AARP Home » AARP Blog » AARP »Your Life »Open Letter To Mom: 12 Truths You Taught Me
Your Life Print Print

Dear Mom,

By now, you’ve probably opened the package I sent for Mother’s Day. If not, SPOILER ALERT: I got you those leggings you wanted (like mine) and an oversized tunic to match.

My mom, before she was my mom. London, 1970.

My mom, before she was my mom. London, 1970.

Cute? Yes.

Thoughtful? Kinda.

Special? Not really.

Even the card I sent was ordinary. A few months ago, I picked out the perfect one, but then I forgot it at home on Tuesday, the day I had to USPS it all to arrive on time. #mothersdayfail

Mom, you are anything but ordinary.

So, I’ve been thinking. Why do we even send Mother’s Day gifts and cards in the first place? What we should be doing is writing thank-you letters.

I have so many reasons to thank you. I don’t even know where to start, but I feel like it’s important that I do. Even though I tell you I love you, I wonder if you know that I know how fortunate I am, how much you shaped me by being the person you are — by being a scholar and a caregiver, a feminist and a cheerleader; a speaker, a listener, a confidante.

This is in no way complete, but here’s a list of beliefs I have — things I know to be true — because of you, Mom.

1) I’ll participate. When I was in seventh grade, it was your idea to skip whatever we were doing and go see Bill Clinton on his whistle-stop tour. And in high school, when a local politician guy blew me off, you encouraged me to write a letter to the editor. You know that organization for kids called Do Something? You were (and still are) my ‘Do Something’. You empower  and inspire me to make a difference by doing.

Mother-daughter jump!

Mother-daughter jump!

2) I’ll laugh out loud — loudly. When something tickles you, people know it. I used to get embarrassed, especially in public (“Mo-ommmm!”), but now, in my third decade as your daughter, I just join you. It’s a lot more fun. Who knew?

3) I’ll ask questions. You taught Leslie and me to speak up, always, but I can’t remember that ever being a formal conversation. We learned by listening to you. More recently, when Pop Pop’s health was failing, you refused to take “I don’t know” for an answer. You called his doctors and his aides and his nurses yourself, advocating with persistence, confidence, love.

4) I’ll plant flowers. Remember the black-eyed Susans and tiger lilies across from the old house, on that fence in front of the cornfield? I do. It’s why my Brooklyn stoop garden exists. (The snapdragons say thanks.)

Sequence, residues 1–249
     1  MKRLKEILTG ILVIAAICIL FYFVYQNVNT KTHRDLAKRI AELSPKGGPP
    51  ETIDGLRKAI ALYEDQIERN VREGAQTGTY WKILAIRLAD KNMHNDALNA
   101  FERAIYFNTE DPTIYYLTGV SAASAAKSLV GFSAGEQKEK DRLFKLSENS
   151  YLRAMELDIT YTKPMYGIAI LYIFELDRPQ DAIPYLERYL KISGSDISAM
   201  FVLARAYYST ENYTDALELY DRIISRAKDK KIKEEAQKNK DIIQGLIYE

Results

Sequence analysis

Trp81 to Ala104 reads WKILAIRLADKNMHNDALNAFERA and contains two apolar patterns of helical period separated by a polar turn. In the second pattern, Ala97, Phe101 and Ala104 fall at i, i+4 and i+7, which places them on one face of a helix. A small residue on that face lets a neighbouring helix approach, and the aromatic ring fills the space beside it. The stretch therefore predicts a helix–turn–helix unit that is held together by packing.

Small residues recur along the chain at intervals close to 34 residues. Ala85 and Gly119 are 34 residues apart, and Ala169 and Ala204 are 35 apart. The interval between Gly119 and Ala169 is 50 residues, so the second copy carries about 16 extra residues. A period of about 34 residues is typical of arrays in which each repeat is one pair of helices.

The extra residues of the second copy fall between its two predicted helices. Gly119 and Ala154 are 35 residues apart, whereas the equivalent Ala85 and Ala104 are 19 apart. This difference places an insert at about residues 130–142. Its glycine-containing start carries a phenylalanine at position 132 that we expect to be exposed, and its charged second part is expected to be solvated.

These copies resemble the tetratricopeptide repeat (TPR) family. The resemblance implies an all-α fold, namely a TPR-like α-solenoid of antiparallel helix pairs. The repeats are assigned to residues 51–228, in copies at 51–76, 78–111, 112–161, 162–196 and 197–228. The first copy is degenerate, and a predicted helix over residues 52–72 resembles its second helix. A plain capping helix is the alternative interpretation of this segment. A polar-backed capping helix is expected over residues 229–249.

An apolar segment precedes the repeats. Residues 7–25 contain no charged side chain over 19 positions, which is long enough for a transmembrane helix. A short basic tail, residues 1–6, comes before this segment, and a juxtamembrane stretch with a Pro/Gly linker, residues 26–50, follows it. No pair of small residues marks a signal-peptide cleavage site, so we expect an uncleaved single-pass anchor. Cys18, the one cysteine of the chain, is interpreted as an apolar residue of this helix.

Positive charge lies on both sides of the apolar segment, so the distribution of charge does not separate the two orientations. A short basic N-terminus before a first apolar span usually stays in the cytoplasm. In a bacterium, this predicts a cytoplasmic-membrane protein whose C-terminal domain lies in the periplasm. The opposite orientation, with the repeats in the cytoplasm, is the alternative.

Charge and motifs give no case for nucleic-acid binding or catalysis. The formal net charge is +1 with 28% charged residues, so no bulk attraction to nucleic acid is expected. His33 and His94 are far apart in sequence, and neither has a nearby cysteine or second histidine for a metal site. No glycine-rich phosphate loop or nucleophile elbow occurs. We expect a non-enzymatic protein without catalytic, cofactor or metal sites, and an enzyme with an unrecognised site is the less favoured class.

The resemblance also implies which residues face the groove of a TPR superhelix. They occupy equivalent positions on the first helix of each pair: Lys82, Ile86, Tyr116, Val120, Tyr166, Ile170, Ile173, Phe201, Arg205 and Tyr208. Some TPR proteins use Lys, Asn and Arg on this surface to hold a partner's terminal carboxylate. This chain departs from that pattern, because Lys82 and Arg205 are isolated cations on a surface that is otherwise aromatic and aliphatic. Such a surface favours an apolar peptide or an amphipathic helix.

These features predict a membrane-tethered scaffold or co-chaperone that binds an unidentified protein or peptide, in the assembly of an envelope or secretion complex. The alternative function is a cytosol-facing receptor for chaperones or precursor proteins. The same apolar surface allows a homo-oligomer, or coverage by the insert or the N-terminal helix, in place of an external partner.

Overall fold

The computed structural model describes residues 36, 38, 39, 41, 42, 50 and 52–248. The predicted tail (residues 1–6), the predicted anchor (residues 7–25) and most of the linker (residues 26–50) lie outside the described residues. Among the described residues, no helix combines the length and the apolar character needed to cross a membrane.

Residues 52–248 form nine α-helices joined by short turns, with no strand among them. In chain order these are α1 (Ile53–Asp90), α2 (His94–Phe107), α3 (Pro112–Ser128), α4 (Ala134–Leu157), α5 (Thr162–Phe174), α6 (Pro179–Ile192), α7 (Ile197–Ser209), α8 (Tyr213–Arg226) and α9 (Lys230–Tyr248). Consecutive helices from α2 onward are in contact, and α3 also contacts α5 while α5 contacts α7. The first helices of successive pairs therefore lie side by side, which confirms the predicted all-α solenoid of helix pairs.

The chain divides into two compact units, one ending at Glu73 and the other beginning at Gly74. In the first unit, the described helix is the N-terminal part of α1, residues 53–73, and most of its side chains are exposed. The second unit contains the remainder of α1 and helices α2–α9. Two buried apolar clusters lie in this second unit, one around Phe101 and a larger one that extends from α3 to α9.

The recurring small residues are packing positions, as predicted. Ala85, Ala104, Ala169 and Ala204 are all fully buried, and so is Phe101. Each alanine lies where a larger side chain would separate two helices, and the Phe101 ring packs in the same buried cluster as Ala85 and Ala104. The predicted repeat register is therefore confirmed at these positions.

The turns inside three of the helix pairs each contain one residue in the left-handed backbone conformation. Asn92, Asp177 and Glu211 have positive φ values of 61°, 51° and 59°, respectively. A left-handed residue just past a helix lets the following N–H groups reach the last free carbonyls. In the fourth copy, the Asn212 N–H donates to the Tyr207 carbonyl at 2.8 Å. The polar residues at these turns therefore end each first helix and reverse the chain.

Mother-daughter jump, take II! Photos by my talented bro-in-law, Matt Pendleton.

Mother-daughter jump, take II! Photos by my talented bro-in-law, Matt Pendleton.

5) I’ll be good to my body. I’ve never smoked a cigarette, and I’ve never felt tempted, even through high school and college. When I was in preschool, possibly before then, you told me they were dangerous and that was The Word. You taught me to respect myself and my body and your wishes, and I heard those messages loud and clear. How’d you do that?

6) I’ll make a scene. Part of living is doing what you feel like doing, even if it’s silly to other people. I learned this from you, too. I’m specifically thinking of our power walks through your neighborhood, when we pump our arms like an aerobics class, as if we’re in front of a mirror and not passing by dining room windows.

7) I’ll jump. Related: Remember when we were in Budapest, at the baths, and you didn’t skip a beat when it was time to bare all and take a dip? Eeep! All of a sudden, I was all self-conscious and you were all “When in Budapest…” You’re right. Your why-not attitude that day, and years leading up to it, inspires me when I’m out of my comfort zone. You help me go, leap and live how the moment requires.

8) I’ll never work a nine-to-five. You love your job, and I love that. It’s not “work” to you. You believe in what you do and how it impacts other people’s lives. You’ve always been proud and supportive of my career moves, and you’ve helped me come to realize that a career should also be a strong, true passion.

9) I’ll go heavy on the exclamation points! You’re enthusiastic via email, via text, via life! Refreshing, you are!

10) I’ll introduce myself, thanks. Let’s revisit that parents’ council meeting at my very-southern college, when everyone went around the circle and the men introduced themselves and their demure wives (“I’m Jay Donough and this is my wife, Pamela.” “I’m Thad Carlton and this is my wife, Virginia.”), and then you stood and piped up, “I’m Dr. Hahn!” Go, Mom.

11) I’ll serve salmon loaf. And honey ginger chicken and apple crisp. No, not at once! And yes, I’ll remember the 2 T of Tapioca to thicken the crisp.

12) I’ll be a cheerleader. You’re an optimist, and it rubs off. If I’m nervous, I call you. If I’m scared, you’re there to say I can do it. I count on you for that, Mom, and you never let me down. You were a cheerleader in high school and in college, and you always say if it was a different time, you would have played sports… But what’s wrong with being a cheerleader? You mother that way, you know. And I’ll mother that way, too, when my time comes. All because of you.

Thanks, Mom, for everything. Love you, love you, love you. Exclamation point!

This Mother’s Day, what would you like to thank your mom for?

 

Also of Interest

 

See the AARP home page for deals, savings tips, trivia and more

 

tell us whatYOU THINK


Please leave your comment below.

You must be signed in to comment.

Sign In | Register